by Hauwa Gambo
President Goodluck Jonathan yesterday declared that he survived January’s fuel subsidy removal protests because his mandate from the Nigerian people is popular.
The President was speaking in Freetown, Sierra Leone at a meeting with the chairman of the country’s National Electoral Commission (NEC), Christina Thorpe, as well as politicians and candidates for their November 17 elections.
The president made the remarks to emphasise the need for free and fair elections and their potential to allow leaders make necessary, but unpopular decisions.
“In Nigeria, I remember the fuel subsidy crisis all over the country, I could have been removed but I was confident of my mandate,” he said. “When some people started talking of regime change, majority of the people who voted for me insisted that they elected me and what they are asking for is change of policy, not regime change; and that calmed down the situation.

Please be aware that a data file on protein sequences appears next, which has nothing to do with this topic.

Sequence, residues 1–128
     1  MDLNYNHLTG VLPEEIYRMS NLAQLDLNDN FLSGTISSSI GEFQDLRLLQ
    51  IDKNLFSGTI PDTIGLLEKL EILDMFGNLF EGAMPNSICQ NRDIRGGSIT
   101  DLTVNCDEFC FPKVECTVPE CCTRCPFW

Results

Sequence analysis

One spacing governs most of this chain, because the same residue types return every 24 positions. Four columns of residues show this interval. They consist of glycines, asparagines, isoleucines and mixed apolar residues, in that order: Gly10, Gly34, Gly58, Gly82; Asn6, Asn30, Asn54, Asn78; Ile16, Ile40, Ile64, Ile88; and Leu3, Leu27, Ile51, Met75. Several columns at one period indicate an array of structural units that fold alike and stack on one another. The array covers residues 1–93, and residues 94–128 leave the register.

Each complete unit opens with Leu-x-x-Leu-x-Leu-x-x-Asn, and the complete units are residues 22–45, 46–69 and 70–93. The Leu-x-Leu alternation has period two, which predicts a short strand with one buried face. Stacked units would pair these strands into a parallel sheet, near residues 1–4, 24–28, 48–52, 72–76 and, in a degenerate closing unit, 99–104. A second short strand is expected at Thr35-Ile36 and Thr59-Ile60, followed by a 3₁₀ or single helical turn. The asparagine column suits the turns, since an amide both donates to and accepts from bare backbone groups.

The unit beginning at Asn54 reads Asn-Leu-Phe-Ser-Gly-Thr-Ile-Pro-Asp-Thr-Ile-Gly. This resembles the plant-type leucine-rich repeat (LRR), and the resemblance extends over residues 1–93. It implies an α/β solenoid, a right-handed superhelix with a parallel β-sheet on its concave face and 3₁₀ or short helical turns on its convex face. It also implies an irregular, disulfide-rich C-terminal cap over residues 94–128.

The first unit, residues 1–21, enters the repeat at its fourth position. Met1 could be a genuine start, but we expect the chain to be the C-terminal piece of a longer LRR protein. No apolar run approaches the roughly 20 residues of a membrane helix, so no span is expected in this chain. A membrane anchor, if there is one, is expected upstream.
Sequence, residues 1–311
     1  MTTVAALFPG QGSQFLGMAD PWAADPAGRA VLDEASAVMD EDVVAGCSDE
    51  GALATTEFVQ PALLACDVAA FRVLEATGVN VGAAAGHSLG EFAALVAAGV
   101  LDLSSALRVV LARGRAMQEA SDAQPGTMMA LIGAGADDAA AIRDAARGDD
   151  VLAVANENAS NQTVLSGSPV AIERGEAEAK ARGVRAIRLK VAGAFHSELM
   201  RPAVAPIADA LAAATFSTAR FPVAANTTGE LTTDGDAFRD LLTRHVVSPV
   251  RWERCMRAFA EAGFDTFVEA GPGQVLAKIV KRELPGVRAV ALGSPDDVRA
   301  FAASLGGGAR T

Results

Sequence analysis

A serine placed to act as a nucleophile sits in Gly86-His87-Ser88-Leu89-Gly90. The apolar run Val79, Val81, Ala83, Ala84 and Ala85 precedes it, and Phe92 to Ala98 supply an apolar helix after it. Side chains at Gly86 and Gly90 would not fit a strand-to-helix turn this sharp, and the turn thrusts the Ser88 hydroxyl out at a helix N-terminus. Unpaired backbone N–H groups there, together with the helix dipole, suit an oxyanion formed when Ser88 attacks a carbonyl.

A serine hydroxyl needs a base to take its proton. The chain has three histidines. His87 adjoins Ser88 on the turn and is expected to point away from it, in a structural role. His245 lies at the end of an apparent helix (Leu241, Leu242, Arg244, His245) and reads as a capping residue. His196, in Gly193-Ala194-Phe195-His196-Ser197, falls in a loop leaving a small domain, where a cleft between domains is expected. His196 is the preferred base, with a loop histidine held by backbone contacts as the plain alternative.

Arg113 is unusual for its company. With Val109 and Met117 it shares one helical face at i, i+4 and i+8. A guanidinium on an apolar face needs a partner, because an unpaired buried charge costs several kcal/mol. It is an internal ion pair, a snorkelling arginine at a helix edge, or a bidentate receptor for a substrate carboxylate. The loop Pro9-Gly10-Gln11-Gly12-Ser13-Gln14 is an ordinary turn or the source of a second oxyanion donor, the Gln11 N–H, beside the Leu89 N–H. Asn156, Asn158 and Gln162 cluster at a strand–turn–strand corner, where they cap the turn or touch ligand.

“Credible elections give you the mandate of the people and confidence too. It is difficult to calm people down when elections are manipulated”, he said.
He told his audience that he has credibility on the subject of fair polls. “If we had manipulated elections in Nigeria, I would not have had the courage to come and confront you,” he said. “If I had manipulated myself into office, there is no way I would come and sell to you what I do not have”.
The president was also formally given the highest honour of Grand Commander of the Republic of Sierra Leone (GCRSL) awarded to him during Sierra Leone’s 51st Independence Anniversary in April.
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